“Why––you––you must have known I’d come,” he said, his voice ponderously grave. “I––I told you so. I left word for you that I would be back––as soon as I could come.”

He felt her slim body slacken––saw the lightning change flash over her face which always heralded that bewildering swift change of mood. It wiped out all the tenseness of lip and line.

There in the white light in spite of the shadows of her lashes which turned violet eyes to great pools of satin shadow, he caught the flare of mischief behind half-closed lids, before she tilted her head back and laughed softly, with utter joyous abandon straight up into his face.

“He––he didn’t deliver it,” she stated naively. “It wasn’t his fault entirely, though, Denny––although I did give him lots of chances, at first anyway. I almost made him tell––but he––he’s stubborn.”

She stopped and laughed again––giggled shamelessly as she remembered. But her eyes grew grave once more.


“I think he didn’t quite approve of my attitude,” she explained to him as he bent over her. “He thought I wasn’t––sorry enough––to deserve it at first. And then––and then I never gave him any opportunity to speak. I would have stopped him if he had tried. You––you see, I just wanted to––wait.”

Head bowed she paused a moment before she continued.

“But––but I sent him to you––two days ago, Denny. I sent something that I asked him to give you––when––when it was over. Didn’t you––get it?”

He fumbled in the pocket of his smooth black suit after she had disengaged herself and dropped to the ground at his feet. With her ankles curled up under her she sat in a boyish heap watching him, until he drew out the bit of a spangled crimson bow and held it out before him in the palm of one big hand. Then he swung down to the ground beside her.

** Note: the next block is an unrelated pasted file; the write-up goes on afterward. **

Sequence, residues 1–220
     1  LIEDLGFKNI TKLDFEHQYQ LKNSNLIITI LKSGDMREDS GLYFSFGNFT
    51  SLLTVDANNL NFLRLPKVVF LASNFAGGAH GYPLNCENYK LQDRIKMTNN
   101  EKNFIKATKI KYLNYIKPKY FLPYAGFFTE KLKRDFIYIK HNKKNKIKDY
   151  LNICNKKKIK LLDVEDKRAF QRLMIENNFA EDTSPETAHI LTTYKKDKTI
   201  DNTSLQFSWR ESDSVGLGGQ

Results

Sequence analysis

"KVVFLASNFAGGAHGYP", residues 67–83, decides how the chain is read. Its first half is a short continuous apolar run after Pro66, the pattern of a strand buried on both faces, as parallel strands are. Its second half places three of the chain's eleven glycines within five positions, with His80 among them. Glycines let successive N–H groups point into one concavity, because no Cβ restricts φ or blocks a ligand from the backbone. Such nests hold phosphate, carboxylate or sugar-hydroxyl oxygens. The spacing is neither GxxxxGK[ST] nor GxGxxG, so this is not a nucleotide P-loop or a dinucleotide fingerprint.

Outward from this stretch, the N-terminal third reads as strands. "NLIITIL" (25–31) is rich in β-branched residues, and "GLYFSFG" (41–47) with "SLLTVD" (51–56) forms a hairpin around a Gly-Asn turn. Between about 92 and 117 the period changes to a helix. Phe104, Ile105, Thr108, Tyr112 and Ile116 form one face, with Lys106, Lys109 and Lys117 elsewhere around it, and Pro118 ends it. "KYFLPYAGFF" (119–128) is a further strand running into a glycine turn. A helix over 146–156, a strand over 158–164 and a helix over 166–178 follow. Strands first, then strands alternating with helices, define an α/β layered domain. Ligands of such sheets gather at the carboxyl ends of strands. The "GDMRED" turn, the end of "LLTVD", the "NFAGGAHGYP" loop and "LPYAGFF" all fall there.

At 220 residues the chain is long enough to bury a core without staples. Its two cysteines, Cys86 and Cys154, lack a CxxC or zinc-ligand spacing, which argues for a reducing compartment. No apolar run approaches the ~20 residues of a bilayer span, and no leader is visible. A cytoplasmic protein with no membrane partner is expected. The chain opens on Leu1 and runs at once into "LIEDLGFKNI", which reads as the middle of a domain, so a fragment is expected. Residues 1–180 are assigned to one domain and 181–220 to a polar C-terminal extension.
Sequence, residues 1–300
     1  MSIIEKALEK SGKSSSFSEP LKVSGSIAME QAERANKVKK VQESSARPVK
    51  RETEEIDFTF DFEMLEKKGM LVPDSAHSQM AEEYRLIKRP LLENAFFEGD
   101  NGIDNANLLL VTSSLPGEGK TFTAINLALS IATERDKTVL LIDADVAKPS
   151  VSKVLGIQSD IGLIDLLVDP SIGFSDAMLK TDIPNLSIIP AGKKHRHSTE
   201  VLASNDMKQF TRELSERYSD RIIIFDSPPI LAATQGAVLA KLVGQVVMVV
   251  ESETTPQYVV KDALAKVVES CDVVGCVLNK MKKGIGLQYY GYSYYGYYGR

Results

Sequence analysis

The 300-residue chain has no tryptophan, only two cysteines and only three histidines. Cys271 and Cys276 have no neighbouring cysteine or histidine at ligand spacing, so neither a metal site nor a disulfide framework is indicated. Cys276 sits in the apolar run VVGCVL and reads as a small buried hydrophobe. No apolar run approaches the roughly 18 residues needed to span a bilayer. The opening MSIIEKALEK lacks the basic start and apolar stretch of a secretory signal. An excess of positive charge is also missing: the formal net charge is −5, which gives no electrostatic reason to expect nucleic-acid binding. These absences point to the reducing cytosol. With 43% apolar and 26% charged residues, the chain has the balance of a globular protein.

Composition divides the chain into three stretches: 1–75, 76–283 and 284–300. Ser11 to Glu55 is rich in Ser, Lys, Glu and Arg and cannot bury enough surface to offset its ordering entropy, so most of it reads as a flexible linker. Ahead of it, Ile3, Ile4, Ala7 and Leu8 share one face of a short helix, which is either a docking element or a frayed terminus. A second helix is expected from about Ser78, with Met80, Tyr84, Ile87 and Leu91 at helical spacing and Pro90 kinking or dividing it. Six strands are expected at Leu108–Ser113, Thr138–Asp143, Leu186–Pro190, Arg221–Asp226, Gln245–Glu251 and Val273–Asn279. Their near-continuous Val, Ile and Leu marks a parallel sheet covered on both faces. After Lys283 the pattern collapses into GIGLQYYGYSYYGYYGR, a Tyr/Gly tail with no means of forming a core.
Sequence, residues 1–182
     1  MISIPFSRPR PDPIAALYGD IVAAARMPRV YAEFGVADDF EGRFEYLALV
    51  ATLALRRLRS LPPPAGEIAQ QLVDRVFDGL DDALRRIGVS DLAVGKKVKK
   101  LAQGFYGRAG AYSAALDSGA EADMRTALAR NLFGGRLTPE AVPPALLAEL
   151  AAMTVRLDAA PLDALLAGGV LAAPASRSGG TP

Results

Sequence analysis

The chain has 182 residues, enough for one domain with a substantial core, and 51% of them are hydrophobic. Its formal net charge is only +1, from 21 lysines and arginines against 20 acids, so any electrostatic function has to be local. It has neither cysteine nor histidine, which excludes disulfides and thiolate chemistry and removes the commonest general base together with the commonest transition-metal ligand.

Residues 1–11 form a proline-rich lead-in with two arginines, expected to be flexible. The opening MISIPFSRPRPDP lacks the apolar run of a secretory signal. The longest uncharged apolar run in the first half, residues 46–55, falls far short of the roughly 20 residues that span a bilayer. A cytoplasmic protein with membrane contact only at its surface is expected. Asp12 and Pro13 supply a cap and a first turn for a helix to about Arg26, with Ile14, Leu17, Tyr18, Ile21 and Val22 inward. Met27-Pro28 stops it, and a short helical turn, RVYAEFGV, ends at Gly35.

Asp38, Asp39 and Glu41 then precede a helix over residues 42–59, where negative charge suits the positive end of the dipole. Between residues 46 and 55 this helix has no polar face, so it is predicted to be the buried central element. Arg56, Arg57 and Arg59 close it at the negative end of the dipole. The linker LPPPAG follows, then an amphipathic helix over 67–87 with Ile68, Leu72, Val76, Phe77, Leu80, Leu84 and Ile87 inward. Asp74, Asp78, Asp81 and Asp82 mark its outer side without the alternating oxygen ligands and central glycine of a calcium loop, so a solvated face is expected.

“I thought it must have been Old Jerry who brought it. I didn’t see him, and no one could remember his name or knew where he had gone when they thought to look for him. They––they just described him to me.”

He turned the bow of silk over, touching it almost reverently.

“Some one gave it to me,” he continued slowly. 305 “I don’t know exactly how or when. It––it was just put into my hand––when I needed it most. I wasn’t sure Old Jerry had brought it, but I knew it came from you, knew it when I didn’t––know––much––else!”

She was very, very quiet, content merely in his nearness. Even then she didn’t understand it––the reason for his going that night, weeks before––for the papers which had told her a little had told her nothing of his brain’s own reason. The question was on her lips when her narrow fingers, searching the shadow for his, found that bandaged wrist and knuckles. Almost fiercely she drew that hand up into the light. From the white cloth her gaze went to the discolored, bruised patches on face and chin––the same place where that long, ugly cut had been which dripped blood on the floor the night she had run from him in the dark––went to his face, and back again, limpid with pity. And she lifted it impulsively and tucked it under her chin, and held it there with small hands that trembled a little.